Since no job is forever, career success depends on strong career attraction knowledge, not just your executive business skills. Job searching is not applying for advertised listings but is a continuous process like keeping up with current events, devoting time to a hobby, taking care of your health, and being kind and generous. In fact, you can incorporate job searching activities and be a more attractive candidate going about your life in the usual way. Check back for more tips on how easy it is to implement each step below and be sure you have permanent, sustained career attraction.

1. Following thought leaders, staying in touch with industry trends, and monitoring company news—who?—to identify connections, be aware of business trends, and market needs. Reach out and exchange one-on-one via comments and congratulatory notes. Be curious and take a deeper dive to learn more. Immerse yourself to accelerate transition into a new field.

2. Having a hobby—what?—the people you interact with are part of your network, people who know, like, and trust you and may be able to recommend or refer you to a job lead, Passion produces purpose; it could be the right time to transform a hobby into a career.

3. Staying healthy—how?—connecting with people you know through your sports teams, gym workouts, or neighborhood runs. Exercise and good nutrition helps you be ready to face new challenges and have a more positive outlook naturally.

4. Volunteering, making donations and being nice, empathetic, thoughtful, and considerate—why?—more contacts and the chance to learn and develop new skills, Be an organizer or program planner, build your reputation as someone likable, willing to pitch in, a person who attracts interest and conversation. Share your knowledge: write an article, do a workshop, give a talk for your professional colleagues or for people who share your interests in your community.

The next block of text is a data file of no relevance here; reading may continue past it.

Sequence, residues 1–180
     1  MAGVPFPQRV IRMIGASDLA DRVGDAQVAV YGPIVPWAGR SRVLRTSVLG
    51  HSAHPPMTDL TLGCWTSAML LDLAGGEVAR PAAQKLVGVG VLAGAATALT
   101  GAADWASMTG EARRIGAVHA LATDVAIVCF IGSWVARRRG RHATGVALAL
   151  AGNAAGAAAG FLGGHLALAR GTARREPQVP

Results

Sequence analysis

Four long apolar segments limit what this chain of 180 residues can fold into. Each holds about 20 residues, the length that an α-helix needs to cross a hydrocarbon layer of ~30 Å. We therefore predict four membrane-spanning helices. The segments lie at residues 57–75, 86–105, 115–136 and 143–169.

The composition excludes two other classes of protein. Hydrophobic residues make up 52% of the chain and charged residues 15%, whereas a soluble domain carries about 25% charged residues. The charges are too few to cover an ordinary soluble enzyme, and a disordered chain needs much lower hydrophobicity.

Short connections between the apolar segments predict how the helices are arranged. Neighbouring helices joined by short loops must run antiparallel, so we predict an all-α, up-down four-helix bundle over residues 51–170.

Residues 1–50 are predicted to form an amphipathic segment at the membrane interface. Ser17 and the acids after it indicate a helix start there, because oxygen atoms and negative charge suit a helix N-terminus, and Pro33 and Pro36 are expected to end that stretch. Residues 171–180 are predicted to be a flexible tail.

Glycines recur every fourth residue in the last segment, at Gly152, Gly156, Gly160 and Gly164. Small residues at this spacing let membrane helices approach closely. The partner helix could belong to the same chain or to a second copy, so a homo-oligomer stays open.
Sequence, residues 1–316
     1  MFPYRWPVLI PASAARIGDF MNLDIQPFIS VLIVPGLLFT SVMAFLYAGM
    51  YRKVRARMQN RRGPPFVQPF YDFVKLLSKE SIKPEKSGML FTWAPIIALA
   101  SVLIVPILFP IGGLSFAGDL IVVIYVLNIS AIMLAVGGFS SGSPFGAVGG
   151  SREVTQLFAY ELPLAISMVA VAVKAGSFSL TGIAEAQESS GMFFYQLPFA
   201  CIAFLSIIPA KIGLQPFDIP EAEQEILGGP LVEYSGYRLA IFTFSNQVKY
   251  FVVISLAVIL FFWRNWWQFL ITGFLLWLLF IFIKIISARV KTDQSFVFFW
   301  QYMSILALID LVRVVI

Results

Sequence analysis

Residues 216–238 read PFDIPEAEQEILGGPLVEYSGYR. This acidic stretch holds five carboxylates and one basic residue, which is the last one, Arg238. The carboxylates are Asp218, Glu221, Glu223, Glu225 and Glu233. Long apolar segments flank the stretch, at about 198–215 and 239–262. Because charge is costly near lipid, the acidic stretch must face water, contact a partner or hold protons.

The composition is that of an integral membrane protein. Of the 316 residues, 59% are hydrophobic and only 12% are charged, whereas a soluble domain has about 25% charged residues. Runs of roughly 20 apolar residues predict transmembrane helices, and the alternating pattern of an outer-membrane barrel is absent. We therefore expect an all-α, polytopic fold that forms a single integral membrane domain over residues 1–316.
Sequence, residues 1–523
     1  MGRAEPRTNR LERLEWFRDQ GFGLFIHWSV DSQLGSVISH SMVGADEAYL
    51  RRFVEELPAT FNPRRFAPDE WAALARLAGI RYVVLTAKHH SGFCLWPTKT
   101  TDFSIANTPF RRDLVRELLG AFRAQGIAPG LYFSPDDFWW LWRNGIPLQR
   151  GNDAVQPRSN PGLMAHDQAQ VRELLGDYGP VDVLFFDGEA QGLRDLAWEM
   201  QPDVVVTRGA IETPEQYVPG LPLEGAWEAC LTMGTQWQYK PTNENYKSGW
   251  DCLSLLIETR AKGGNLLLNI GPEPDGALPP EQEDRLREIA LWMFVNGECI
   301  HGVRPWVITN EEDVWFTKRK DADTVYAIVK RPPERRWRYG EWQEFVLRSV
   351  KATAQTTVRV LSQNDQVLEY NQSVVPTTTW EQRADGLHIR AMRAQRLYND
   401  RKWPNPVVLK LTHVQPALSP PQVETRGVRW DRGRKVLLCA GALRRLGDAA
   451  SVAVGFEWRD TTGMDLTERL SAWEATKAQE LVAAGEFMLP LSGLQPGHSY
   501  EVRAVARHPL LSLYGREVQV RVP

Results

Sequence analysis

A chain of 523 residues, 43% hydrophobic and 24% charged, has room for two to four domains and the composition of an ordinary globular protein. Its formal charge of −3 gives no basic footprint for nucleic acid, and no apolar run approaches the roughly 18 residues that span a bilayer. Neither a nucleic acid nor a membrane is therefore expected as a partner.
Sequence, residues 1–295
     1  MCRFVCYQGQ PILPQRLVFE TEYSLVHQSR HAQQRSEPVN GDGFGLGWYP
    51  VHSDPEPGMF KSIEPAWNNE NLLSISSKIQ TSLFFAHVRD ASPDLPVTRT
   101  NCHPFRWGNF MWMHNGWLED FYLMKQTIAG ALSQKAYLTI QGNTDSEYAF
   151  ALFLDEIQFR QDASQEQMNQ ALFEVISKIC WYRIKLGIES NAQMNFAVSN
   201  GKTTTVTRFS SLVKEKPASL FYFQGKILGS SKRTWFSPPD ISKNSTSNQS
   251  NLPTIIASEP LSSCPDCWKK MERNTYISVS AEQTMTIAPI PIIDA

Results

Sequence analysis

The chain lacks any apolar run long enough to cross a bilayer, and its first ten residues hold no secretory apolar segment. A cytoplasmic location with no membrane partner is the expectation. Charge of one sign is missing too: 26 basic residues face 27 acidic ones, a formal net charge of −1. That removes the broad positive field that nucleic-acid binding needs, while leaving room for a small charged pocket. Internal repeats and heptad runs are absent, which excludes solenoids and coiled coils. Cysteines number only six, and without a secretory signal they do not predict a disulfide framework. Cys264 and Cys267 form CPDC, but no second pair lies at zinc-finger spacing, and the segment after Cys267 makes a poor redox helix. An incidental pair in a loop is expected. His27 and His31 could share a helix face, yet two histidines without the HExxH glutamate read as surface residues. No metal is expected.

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Debra Feldman is a part of the Columbia Career Coaches Network— a group of over 20 accredited professional alumni career coaches who provide fee-based consulting and volunteer for the Columbia Alumni Association's free professional development programs throughout the year. She is recommended by Columbia Business School. 

She is also the JobWhiz™, a nationally recognized executive talent agent and job search expert who implements swift, strategic, customized senior level job search campaigns personally making live C-level and board member introductions. She accelerates hiring offers and delivers inside contacts providing “career insurance” to last a lifetime. Her gift for Networking Purposefully™ banishes employment roadblocks, expands inside connections and leverages virtual relationships to access viable leads in the hidden job market. Learn more about her groundbreaking techniques that eliminate gatekeepers and put you in control again. Contact Debra now at www.JobWhiz.com to expedite your professional ascent!